Ask Your Doctor. Until Then, Here’s a Word From Our Sitcom.

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Right after that scene, my television cut to a commercial for Victoza, a diabetes treatment from Novo Nordisk. There were scenes of a woman in a doctor’s office, an older couple gardening, women painting sunflowers. There were side effects: “nausea, diarrhea, vomiting, decreased appetite, indigestion and constipation.” At 90 seconds, it felt almost infomercial length, until the next commercial came on. For Victoria’s Secret.

My family are faithful “black-ish” viewers — funny show, great cast. But a season earlier we had endured what Vulture called “essentially a long commercial for Disney World,” the obligatory episode where a Disney sitcom goes to Disney World.

Now it was time for Diabetes World, brought to you by Novo Nordisk.

In the United States, when the Food and Drug Administration eased the advertising rules in 1997, it paved the way for an explosion of TV commercials pitching prescription drugs. Drug makers have had less success lobbying in other parts of the world.

I asked Novo Nordisk about this. Anthony Anderson, who plays Dre, has diabetes in real life and is the company’s paid spokesman. His story is compelling. Not only did he struggle coming to grips with the disease, but his father died of complications from diabetes a decade ago.

“One of the things we felt was important was it needed to be natural and it needed to tell his story, but it also needed to be medically accurate,” said David Moore, a senior vice president at Novo Nordisk. “We had individuals from our medical affairs really review the script, in the context of this is what a conversation would really sound like with a clinician.”

ABC declined to comment.

I don’t know how I feel about a drug company’s collaborating on a sitcom script, though it’s a little weird that the story and the commercials ran together. More important, it probably doesn’t help the soaring cost of prescription drugs. Companies spend more than $6 billion a year on this kind of advertising, according to Kantar Media.

Advertising budgets are by no means the biggest factor in drug costs. There is blame to go around.

Drug companies are stretching out their patent protections by seeking approvals for existing drugs to treat different diseases. There is also no nationwide body negotiating drug prices as you’ll find in other countries, and insurers are often looking out for themselves rather than patients. Sometimes buying a drug with insurance is even more expensive than without it, or insurers refuse to cover the cost of a generic drug.

This past week, UnitedHealthcare, one of the largest insurers, said it would stop keeping the rebates it got from drug companies, an issue that is of particular concern to the Type 1 Diabetes Defense Foundation, an advocacy group. “Any serious political conversation on economic incentives and prescription drug cost must begin from the market distortions created when insurers and other payers negotiate rebates,” said Charles Fournier, the foundation’s vice president.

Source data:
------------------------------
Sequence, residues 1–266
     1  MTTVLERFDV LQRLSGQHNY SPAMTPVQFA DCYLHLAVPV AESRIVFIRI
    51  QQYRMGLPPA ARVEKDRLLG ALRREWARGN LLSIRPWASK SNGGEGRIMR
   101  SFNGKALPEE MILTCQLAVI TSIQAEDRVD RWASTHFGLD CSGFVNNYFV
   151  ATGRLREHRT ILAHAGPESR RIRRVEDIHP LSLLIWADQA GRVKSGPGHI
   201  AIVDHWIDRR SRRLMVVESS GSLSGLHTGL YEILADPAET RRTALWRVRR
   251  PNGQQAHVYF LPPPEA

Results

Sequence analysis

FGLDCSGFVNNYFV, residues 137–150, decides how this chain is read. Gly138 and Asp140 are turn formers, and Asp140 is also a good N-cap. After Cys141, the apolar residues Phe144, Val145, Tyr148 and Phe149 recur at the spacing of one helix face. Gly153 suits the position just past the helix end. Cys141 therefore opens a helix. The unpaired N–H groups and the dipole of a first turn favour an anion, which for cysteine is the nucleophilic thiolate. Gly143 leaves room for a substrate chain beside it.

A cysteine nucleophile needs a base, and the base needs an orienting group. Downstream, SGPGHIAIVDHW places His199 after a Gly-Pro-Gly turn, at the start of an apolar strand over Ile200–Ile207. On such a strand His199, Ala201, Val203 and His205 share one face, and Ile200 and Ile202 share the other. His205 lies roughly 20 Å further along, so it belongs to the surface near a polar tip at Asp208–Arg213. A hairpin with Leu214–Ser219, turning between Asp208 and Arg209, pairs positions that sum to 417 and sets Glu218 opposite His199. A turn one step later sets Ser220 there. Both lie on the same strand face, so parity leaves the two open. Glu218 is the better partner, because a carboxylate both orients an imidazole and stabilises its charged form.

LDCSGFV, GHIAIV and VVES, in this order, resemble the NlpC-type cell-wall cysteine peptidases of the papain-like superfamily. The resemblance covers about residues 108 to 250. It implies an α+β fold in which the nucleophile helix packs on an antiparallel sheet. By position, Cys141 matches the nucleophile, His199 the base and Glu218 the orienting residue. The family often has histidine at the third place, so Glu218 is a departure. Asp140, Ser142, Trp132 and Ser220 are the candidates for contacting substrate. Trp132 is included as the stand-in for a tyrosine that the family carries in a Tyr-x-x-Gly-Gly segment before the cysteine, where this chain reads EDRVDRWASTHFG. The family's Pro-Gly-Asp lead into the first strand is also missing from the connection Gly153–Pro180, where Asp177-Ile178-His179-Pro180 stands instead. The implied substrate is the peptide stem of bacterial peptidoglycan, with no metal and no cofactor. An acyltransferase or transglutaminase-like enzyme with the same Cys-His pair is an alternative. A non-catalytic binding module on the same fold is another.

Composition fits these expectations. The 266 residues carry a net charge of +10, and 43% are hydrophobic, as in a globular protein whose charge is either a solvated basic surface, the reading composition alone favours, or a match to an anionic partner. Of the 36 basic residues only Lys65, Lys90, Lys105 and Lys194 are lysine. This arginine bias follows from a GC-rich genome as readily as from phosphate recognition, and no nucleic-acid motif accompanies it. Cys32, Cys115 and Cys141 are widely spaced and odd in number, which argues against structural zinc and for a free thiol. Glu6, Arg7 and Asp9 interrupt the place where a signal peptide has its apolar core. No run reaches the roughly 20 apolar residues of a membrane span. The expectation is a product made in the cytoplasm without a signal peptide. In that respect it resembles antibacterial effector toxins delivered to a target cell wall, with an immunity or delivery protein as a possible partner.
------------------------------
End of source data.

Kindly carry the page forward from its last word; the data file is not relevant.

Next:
If nothing else, advertising brings us closer to how the drug business works, even if on a subliminal level.

“The conditions that are being promoted change over time in conjunction with the patent cycle,” Jon Swallen, chief research officer at Kantar, said. They also change with public health trends and research and development investments.

The closer a patent gets to expiring, the less enthusiastic companies can get about advertising. Hence the era of erectile dysfunction commercials for Viagra and Cialis yielded to omnipresent spots for Humira and Enbrel, used for rheumatoid arthritis and a range of other conditions.

Groups like the World Health Organization and Public Citizen have raised concerns. The drug industry, as you might imagine, wants to keep advertising.

Commercials “can benefit health care professionals, as well as patients,” said Holly Campbell, a spokeswoman for the Pharmaceutical Research and Manufacturers of America, an industry trade group, in an email. She cited a Harvard University/Massachusetts General Hospital survey from 2004 that found that “one-quarter of adult patients who visited their physician after seeing” a commercial “received a new diagnosis of a condition,” and “nearly half of the diagnoses were for ‘high priority’ conditions.”

Back to “black-ish.”

Hard lessons were indeed learned on the show. Dre’s venture into natural healing led him to pass out at a party, crushing a tower of champagne glasses. His wife, Rainbow, a doctor, explained to him that he had to take the medicine. “Look, Dre,” she said, “the important thing to know is that diabetes is not going to dia-beat us.”

“How long have you been holding on to that one?” Dre asked, rolling his eyes.

She had a lot more in her pocket: “It’s do or dia-beat-us!”

The show promptly cut to a commercial for a Novo Nordisk long-acting insulin called Tresiba, which had a snappy jingle refrain — “Tre-siba ready!”

I’m not going to stop watching “black-ish,” but could we stick to the show, people?

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